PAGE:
Bank of cities

The ecclesiastical bank was headed by the bishopric of Bamberg, which was subordinate to the Pope only. The Prince-Bishop of Bamberg also exercised the directorate of the district and administered the district chancellery and the district archive. The bishop of Bamberg, as director of the district, had the right to open and manage the district assembly and to summarize and publish its resolutions. The Count of Löwenstein-Rochefort, as the emperor's representative, had only held a quasi-honorary chairmanship from the end of the 17th century.

The imperial knights with their smallest territories, particularly numerous in Franconia , were outside the district organization and formed the Franconian knight circle .

District Lords

In the Franconian Empire, the office of district bishop was first established in 1550 and existed permanently from 1555. The district bishop was supervised by five councils of war, two of which represented the clergy and one each the secular princes, counts and the imperial cities. In contrast to the contingents of the district estates, the commander and the officers of the district troops were paid from the district treasury . The execution and enforcement of the district resolutions were entrusted to the district bishop. and in addition to the supreme command of the district troops, he took on both the execution of sentences at the highest courts-martial and the prevention of foreign recruiting in the district. He was mostly chosen from the nobility . The office was traditionally transferred to the Margraves of Zoller, as the most powerful secular district, who usually exercised it through the Bayreuth line.


The district army as a standing army went back to the imperial defensial order of 1681, according to which the nominal strength of the Franconian imperial circle was set at 5527 men. In addition to the part that the Hochstifte Bamberg and Würzburg provided with the Prince-Bishop's Army as their own troops, the district brought two infantry regiments with 1,600 each, a cuirassier regiment with 520 and a dragoons squadron with 200 men in the joint defense. In 1694 the standing army of the Franconian Reichskreis consisted of 2,940 horsemen and 5,703 infantrymen. They were provided by the various district stands, which also provided the equipment. Only the officers were directly employed by the district. Disastrous in the open field battle was not only the poor and partly outdated equipment; the lack of a uniform exercise regulation also made it difficult to act as a troop formation . In the association with the Swabian District of 1691 the Franconian contingent was 9,000 men (a cuirassier regiment 800 men, two infantry regiments of 1650 men each, additional establishment of a dragoon regiment of 8,000 men and another infantry regiment of 1,650 men. Finally, a second dragoon regiment and a fourth infantry regiment taken over from Würzburg on a subsidy basis).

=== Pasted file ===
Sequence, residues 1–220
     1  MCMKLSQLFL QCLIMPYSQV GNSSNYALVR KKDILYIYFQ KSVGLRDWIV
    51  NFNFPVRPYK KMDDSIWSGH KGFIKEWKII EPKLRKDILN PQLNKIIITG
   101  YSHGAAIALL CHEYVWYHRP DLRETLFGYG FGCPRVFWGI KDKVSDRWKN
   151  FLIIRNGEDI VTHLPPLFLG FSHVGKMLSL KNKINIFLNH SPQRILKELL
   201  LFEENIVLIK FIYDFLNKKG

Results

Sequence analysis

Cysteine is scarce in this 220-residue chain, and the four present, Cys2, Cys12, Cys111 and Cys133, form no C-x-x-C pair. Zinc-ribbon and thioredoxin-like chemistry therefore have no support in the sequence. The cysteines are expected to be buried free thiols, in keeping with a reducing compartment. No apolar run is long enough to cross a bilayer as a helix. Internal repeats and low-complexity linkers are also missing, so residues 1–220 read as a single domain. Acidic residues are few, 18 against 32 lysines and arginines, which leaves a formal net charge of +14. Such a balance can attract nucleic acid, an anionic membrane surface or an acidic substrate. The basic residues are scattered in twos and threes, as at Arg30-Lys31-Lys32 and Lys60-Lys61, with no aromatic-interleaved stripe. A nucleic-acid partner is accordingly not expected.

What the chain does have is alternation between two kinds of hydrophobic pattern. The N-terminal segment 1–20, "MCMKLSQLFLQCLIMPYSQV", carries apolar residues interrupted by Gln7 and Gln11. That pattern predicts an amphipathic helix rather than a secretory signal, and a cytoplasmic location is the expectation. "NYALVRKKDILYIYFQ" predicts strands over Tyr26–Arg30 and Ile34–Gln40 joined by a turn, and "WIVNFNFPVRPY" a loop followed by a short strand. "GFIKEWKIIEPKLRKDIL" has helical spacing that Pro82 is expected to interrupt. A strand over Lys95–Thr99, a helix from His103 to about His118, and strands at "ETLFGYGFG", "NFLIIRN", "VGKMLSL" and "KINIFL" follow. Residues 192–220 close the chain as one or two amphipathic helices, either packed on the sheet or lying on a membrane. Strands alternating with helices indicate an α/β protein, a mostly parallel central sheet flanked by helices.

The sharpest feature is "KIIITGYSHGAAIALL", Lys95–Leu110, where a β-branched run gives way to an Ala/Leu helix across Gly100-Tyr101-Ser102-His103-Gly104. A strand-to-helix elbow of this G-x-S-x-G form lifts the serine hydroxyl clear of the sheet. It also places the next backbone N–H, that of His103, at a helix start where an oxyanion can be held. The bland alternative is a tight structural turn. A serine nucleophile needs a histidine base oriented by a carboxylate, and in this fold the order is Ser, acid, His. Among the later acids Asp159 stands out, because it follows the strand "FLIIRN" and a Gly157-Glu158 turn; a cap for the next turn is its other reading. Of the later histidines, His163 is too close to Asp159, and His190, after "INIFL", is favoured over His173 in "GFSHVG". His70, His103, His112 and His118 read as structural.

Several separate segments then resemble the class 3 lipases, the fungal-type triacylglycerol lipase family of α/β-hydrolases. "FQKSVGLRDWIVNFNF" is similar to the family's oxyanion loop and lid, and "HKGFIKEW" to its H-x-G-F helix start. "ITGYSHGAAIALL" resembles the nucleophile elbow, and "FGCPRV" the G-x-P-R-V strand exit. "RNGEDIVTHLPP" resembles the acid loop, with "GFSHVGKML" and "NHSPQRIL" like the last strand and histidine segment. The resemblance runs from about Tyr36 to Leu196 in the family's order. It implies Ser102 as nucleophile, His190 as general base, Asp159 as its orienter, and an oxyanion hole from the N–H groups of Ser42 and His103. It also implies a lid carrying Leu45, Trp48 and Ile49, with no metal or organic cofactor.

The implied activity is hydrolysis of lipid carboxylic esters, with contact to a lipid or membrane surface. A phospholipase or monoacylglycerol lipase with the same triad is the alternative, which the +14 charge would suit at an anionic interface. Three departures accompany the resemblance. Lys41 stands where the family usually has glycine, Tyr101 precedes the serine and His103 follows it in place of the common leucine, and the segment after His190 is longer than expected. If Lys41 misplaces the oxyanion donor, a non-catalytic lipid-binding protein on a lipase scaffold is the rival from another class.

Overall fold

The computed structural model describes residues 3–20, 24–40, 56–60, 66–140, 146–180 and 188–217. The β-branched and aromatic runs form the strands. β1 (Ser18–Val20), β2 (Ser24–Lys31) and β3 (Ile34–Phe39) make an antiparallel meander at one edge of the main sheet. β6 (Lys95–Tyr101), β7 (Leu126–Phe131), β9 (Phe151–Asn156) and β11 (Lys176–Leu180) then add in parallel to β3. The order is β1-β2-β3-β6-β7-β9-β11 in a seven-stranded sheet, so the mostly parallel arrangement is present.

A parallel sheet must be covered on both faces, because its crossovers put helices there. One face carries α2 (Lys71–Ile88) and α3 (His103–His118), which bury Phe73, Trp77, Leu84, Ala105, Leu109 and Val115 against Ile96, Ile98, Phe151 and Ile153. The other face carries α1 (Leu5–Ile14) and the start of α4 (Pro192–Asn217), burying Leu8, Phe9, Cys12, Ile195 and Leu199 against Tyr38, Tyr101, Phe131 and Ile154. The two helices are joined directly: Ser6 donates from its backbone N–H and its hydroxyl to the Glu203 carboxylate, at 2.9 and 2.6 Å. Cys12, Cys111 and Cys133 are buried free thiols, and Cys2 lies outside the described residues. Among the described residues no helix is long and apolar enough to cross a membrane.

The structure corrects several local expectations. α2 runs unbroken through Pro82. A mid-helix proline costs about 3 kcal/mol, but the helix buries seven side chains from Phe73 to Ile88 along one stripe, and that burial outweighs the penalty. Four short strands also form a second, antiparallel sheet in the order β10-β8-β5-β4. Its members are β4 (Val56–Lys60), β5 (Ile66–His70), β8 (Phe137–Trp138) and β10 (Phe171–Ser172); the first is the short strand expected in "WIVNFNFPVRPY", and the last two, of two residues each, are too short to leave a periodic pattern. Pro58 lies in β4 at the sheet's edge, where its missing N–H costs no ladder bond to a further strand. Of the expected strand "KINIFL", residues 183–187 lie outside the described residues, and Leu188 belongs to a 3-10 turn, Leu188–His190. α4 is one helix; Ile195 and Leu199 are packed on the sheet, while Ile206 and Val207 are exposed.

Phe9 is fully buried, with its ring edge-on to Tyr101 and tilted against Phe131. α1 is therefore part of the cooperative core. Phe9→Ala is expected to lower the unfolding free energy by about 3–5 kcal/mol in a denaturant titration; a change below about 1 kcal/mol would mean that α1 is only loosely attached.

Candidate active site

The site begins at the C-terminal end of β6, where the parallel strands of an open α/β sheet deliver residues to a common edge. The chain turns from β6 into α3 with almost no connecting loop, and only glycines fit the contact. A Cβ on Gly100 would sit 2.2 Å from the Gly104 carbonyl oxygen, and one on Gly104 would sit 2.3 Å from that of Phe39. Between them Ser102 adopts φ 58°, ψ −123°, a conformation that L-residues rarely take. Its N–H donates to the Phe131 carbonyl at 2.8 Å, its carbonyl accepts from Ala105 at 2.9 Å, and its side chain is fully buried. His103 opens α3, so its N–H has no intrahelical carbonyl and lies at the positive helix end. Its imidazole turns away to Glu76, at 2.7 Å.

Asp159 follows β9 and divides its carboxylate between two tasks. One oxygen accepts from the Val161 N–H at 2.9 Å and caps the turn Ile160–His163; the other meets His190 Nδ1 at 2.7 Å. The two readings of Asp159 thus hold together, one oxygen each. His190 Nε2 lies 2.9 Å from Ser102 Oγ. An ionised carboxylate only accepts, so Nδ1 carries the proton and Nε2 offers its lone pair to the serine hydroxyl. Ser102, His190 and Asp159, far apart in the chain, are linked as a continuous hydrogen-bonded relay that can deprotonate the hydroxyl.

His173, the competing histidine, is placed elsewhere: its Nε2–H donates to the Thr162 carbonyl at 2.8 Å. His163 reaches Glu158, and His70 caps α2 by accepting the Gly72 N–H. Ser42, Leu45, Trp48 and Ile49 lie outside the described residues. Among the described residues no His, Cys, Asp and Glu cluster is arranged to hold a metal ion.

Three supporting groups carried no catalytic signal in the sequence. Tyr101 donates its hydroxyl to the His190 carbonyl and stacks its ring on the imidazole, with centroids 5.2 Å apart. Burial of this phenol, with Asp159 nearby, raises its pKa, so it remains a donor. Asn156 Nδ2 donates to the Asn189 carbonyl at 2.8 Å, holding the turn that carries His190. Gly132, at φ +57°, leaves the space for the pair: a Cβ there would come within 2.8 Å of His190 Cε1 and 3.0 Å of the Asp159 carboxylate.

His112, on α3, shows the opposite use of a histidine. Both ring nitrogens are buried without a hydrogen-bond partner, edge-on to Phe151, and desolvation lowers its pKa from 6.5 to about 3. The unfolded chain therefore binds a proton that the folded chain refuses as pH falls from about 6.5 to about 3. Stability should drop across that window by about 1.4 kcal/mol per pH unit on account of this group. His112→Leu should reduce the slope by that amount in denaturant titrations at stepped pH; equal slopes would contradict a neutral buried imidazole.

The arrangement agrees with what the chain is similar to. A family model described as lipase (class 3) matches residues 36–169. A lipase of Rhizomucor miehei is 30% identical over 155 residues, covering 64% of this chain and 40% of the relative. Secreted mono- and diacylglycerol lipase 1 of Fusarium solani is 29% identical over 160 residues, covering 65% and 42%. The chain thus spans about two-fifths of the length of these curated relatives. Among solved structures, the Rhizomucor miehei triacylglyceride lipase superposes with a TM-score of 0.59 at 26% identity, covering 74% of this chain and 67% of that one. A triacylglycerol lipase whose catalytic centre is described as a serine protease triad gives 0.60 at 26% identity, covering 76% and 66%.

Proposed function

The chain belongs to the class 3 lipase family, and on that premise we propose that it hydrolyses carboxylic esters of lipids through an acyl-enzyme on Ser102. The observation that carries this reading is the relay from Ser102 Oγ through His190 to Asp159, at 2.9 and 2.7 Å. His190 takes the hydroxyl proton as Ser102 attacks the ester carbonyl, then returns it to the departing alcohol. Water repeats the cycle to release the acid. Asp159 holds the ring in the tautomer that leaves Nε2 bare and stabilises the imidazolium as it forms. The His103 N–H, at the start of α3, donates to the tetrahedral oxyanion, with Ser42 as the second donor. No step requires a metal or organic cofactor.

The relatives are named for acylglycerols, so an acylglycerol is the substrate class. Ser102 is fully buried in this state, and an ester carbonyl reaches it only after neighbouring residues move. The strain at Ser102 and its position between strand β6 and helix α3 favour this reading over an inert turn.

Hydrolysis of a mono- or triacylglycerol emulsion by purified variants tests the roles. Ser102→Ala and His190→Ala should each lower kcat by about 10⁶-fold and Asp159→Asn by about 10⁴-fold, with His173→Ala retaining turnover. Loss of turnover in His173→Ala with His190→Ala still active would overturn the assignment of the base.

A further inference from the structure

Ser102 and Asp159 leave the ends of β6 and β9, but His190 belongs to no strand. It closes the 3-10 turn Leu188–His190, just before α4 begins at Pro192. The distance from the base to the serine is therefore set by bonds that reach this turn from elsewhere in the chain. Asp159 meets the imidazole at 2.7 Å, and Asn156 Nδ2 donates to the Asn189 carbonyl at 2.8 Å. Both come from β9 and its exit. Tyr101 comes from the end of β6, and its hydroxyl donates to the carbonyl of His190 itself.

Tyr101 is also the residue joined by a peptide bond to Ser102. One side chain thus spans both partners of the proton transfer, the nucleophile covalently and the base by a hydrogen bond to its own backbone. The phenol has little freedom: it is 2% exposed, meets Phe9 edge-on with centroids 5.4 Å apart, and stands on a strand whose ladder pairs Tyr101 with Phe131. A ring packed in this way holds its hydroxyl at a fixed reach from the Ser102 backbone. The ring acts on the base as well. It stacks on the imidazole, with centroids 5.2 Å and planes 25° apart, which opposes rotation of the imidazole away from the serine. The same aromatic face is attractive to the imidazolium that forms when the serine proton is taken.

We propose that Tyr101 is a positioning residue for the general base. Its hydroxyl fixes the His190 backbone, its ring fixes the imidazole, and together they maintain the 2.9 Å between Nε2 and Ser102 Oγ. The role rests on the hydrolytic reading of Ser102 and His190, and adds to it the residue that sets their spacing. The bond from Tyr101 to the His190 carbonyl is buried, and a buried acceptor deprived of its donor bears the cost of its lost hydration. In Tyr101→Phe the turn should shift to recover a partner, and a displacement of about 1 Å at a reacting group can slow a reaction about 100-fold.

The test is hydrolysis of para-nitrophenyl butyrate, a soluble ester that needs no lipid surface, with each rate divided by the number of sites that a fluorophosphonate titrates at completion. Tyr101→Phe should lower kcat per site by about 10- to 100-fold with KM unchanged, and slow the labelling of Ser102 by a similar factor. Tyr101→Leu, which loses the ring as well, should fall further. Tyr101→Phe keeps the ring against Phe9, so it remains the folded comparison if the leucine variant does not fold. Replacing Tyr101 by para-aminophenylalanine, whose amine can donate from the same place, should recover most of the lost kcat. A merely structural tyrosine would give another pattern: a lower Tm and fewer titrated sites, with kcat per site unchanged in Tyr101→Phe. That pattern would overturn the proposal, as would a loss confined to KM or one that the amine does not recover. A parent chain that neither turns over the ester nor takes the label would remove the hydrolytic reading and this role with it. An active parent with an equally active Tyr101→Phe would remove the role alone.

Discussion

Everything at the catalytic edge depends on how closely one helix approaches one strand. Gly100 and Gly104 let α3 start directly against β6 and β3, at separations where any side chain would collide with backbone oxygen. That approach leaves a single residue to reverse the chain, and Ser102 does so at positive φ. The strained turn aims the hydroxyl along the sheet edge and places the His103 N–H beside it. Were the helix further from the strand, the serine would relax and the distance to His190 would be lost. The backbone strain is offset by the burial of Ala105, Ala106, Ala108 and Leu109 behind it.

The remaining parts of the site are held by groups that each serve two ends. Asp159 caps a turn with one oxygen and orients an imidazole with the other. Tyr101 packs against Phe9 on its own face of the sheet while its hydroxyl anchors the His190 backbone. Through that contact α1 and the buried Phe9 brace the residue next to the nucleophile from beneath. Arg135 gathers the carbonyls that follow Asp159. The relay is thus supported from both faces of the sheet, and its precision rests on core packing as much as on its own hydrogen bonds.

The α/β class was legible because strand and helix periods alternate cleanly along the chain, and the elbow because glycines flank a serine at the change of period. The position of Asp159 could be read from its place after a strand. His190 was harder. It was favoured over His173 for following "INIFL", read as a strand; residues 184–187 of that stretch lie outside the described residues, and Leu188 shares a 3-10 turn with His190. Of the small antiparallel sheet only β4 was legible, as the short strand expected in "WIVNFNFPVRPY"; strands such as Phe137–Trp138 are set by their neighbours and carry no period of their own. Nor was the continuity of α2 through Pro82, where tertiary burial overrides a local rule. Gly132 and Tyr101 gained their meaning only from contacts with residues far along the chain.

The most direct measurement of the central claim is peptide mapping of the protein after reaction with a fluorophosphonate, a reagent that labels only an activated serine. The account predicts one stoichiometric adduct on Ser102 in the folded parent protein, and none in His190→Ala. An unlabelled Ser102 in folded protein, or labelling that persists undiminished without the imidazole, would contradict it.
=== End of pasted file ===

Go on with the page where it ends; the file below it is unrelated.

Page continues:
The proportions of the district status in the team contingents were calculated according to the Reich register and were for the Franconian district:

Imperial estates Cuirassiers dragoon Foot soldiers
Eichstatt 25th 27 440
German medal 48 16 256
Brandenburg (both lines) 110 37 590
Henneberg-Schleusingen 24 8th 126
Henneberg-Römhild 8th 3 44
Henneberg-Schmalkalden 3 1 12
Schwarzenberg and Seinsheim 8th 3 44
Hohenlohe (both lines) 27 9 146
Castell 3 1 16
Wertheim 17th 5 90
Rieneck 5 2 24
Erbach 7th 2 36
Limburg Speckfeld 5 2 30th
Limburg-Gaildorf 7th 2 36
Dernbach 1 - 8th
Nuremberg 159 53 846
Rothenburg 41 14th 218
Windsheim - 6th 96
Schweinfurt 16 5 84
Weissenburg 6th 4th 58
520 200 3200





The district troops recorded no fewer than 30 campaigns in the years 1683 to 1714, although they were always in the forefront and distinguished themselves both in Hungary and on the Rhine line.

The teams of the Franconian Circle were in the Imperial-Habsburg and later the Austro-Hungarian Army, mainly in the regiments of the Imperial and Royal Infantry Regiment “Hoch- und Deutschmeister” No. 4 and the Imperial and Royal Infantry Regiment “Graf von Khevenhüller” No. 7 , where they were in various wars for the emperor were used.

Military budget

The imperial, district and Turkish tax included all expenses for the military and militia in the district budget, for fortifications including the necessary compensation payments for land purchases, for winter billeting in imperial wars and the so-called assignments, the costs of which had to be distributed among all land offices District money ( Roman months ) corresponding to the main tasks of the district in the late 17th century, the expenditures for the military were by far the largest budget item . In some cases they amounted to more than 90 percent of the annual budget of 800,000 to one million Rhenish guilders.